How to Get Customer Feedback: 8 Proven Methods

11 Min Read Clearly understanding what your customers think about your products or services is a competitive advantage. This guide teaches you how to collect, analyze, and implement their feedback so you can make better strategic decisions for your brand.

Written by UserInput Team
Last Updated: June 2023

Quick Navigation

Customer feedback is a crucial resource for any business as it provides valuable insights into what your customers think about your products or services. By regularly collecting and analyzing feedback, you can make informed decisions that will improve customer satisfaction and drive business growth.

However, collecting feedback is not always easy. In this article, we will explore various methods for getting customer feedback and discuss the benefits of each approach. This guide will provide you with practical tips and techniques for making the most of customer feedback.

What is Customer Feedback?

Customer feedback refers to your customers’ feelings, perspectives, problems, and experiences. It’s a powerful resource that helps you identify what your customers want – and what they don’t – so you can create changes in your company to drive conversions and revenue.

According to Harvard Business Review Analytic Services, 72% of businesses believe they understand what it’s like to be one of their customers. And yet, only 35% of customers think companies understand them well. This empathy gap means there’s a huge opportunity for brands that figure out what their customers truly want. Customer feedback is how you learn.

Does it work? Absolutely. According to Gallop, companies that apply the principles of behavioral economics (by deciphering and managing customers’ emotions) outperform their peers by 85% in sales growth and 25% in gross margin.

Essentially, feedback helps you learn, which helps you give your customers what they need. Positive feedback is helpful because it validates what you know, but negative feedback is even more valuable because it helps you change for the better.

Furthermore, collecting customer feedback can foster a culture of empathy, increase customer satisfaction (at the transaction level), help you make faster decisions, and improve the impact of future feedback.

Customer feedback does not refer to the comments from non-customers. If someone isn’t a customer, or doesn’t fall into your customer persona, you don’t need to consider their feedback. A lot of brands get caught up responding to all criticism, but that’s not necessary.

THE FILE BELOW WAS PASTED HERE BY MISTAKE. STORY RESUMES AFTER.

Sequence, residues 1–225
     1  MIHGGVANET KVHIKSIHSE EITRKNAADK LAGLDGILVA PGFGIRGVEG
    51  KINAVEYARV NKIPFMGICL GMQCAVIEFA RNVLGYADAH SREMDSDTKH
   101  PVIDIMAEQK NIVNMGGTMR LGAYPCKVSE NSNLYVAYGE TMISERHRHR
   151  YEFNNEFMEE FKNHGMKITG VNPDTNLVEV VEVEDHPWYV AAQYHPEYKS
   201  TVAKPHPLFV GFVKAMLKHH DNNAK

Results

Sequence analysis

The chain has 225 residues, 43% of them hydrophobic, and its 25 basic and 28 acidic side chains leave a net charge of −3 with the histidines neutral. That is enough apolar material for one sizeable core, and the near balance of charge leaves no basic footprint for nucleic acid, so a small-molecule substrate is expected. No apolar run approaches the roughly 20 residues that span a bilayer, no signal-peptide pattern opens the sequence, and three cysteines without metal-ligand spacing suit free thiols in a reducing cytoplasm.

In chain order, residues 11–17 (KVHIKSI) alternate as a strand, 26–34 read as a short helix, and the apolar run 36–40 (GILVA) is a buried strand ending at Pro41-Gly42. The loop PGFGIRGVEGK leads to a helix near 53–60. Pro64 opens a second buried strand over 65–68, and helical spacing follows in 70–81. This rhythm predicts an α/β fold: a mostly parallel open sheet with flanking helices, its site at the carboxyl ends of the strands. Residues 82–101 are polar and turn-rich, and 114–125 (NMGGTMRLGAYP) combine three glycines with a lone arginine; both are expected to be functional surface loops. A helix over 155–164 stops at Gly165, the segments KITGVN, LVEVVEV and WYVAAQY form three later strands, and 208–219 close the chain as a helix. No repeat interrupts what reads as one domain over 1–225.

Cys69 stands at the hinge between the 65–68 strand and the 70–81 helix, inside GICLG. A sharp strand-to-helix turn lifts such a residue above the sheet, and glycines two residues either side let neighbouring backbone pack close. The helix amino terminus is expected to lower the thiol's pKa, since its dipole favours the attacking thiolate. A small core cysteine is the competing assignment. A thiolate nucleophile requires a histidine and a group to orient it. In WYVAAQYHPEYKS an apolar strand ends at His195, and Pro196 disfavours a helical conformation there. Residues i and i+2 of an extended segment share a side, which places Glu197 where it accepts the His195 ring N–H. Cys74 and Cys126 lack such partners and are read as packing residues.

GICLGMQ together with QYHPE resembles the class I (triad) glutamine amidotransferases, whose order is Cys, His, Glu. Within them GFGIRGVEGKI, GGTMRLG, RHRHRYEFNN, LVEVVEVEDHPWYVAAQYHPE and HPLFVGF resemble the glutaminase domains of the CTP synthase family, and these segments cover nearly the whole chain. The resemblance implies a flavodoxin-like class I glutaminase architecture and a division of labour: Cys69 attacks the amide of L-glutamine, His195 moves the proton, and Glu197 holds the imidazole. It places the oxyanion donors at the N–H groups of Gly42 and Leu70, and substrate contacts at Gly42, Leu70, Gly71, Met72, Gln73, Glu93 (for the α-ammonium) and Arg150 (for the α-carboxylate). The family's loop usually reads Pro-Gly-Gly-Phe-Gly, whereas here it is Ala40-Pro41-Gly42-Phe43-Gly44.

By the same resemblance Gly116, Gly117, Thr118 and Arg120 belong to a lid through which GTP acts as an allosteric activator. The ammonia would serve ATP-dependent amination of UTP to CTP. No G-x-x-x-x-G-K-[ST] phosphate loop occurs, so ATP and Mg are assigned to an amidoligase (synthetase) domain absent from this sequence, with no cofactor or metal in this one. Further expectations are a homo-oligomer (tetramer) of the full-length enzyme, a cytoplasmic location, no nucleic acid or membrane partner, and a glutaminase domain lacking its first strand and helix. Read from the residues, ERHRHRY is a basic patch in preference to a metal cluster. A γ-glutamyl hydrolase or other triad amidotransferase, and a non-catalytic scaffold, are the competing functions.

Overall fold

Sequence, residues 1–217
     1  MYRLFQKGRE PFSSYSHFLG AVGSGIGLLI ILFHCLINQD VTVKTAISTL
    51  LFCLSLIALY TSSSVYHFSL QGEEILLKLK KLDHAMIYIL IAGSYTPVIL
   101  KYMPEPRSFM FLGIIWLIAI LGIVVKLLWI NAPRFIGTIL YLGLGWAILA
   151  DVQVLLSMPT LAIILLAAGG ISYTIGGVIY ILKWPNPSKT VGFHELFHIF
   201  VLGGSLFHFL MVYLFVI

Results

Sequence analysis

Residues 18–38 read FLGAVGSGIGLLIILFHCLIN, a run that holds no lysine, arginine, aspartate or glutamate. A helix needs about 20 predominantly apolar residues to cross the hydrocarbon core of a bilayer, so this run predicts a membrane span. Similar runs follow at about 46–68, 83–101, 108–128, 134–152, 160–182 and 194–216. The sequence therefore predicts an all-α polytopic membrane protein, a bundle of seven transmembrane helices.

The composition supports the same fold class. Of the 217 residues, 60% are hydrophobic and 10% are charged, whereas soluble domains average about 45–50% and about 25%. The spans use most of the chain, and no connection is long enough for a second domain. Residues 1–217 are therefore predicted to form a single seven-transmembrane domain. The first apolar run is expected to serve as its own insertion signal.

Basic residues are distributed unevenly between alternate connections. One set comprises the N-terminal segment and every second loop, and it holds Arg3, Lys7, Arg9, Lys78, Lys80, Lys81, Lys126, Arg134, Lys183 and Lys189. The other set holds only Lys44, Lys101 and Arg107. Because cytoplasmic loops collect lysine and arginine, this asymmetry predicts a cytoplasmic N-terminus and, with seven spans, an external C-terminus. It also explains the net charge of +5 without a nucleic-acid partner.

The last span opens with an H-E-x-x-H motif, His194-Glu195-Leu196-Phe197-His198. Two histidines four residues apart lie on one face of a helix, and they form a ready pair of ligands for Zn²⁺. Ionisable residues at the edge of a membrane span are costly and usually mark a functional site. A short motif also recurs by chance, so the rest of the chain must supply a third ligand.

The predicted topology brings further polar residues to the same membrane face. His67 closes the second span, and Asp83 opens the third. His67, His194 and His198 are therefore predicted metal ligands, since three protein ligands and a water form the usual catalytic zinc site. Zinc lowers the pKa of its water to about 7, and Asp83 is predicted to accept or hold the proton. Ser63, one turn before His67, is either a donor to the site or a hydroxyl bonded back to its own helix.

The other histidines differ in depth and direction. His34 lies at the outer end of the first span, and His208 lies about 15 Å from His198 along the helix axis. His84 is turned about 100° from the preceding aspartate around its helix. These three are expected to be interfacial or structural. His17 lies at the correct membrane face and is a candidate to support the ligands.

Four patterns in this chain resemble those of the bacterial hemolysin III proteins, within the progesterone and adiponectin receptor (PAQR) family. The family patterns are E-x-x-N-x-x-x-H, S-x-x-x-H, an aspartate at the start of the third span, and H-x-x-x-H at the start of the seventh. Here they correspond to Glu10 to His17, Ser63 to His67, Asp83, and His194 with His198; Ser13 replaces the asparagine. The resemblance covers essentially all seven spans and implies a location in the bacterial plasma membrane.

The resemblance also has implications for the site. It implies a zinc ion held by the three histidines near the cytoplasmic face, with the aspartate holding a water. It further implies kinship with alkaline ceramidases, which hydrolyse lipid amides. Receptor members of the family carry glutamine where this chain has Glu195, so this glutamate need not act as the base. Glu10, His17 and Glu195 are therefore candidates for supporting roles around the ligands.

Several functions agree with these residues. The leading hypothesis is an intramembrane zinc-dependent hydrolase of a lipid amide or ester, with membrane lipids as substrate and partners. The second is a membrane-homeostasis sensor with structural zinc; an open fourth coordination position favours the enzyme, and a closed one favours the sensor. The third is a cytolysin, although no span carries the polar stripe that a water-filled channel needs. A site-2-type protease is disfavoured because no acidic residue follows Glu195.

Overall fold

Sadly, customer feedback is hard to acquire. According to Adobe’s 2021 Digital Trends Report, only 1 in 5 companies feel they have “significant insight” into their customer’s mindset or their points-of-friction throughout the customer journey.

Customer feedback can come in many different forms, but it always fits into two categories:

Direct feedback

This is feedback that you specifically ask for you. You have some control over this because you’re the one asking the questions. It includes focus groups, surveys, and interviews.

Indirect feedback

Indirect feedback refers to feedback that you never asked for, but customers decided to share anyway. In some cases, you have to go looking for this kind of feedback, like in the case of social media activity or referrals. In other cases, this kind of feedback comes to you, like the case of support tickets or customer complaints.

How to Get Customer Feedback

How do you get feedback from customers? It takes a bit of work, but the results are worth the effort. The general idea is to make your requests timely, simple, and fast. In some cases, you may need to incentivize your customers to get their participation. Let’s go over the best ways to get feedback from your customers.

1. Usability testing

Usability testing is the practice of getting real people to interact with a website, app, or product and observing their behavior and reactions to it. This could be as simple as watching a session recording or as thorough as bringing in actual customers under the direction or expert researchers. The goal is to reveal confusion and identify opportunities to improve.

Why is usability testing important? Because the people who designed and built the website, app, or product are too close to it to identify problems. You need new users who don’t have experience with the site to test it for you. This more closely resembles a typical experience.

Plus you get all of these benefits:

  1. Validate your prototype or early design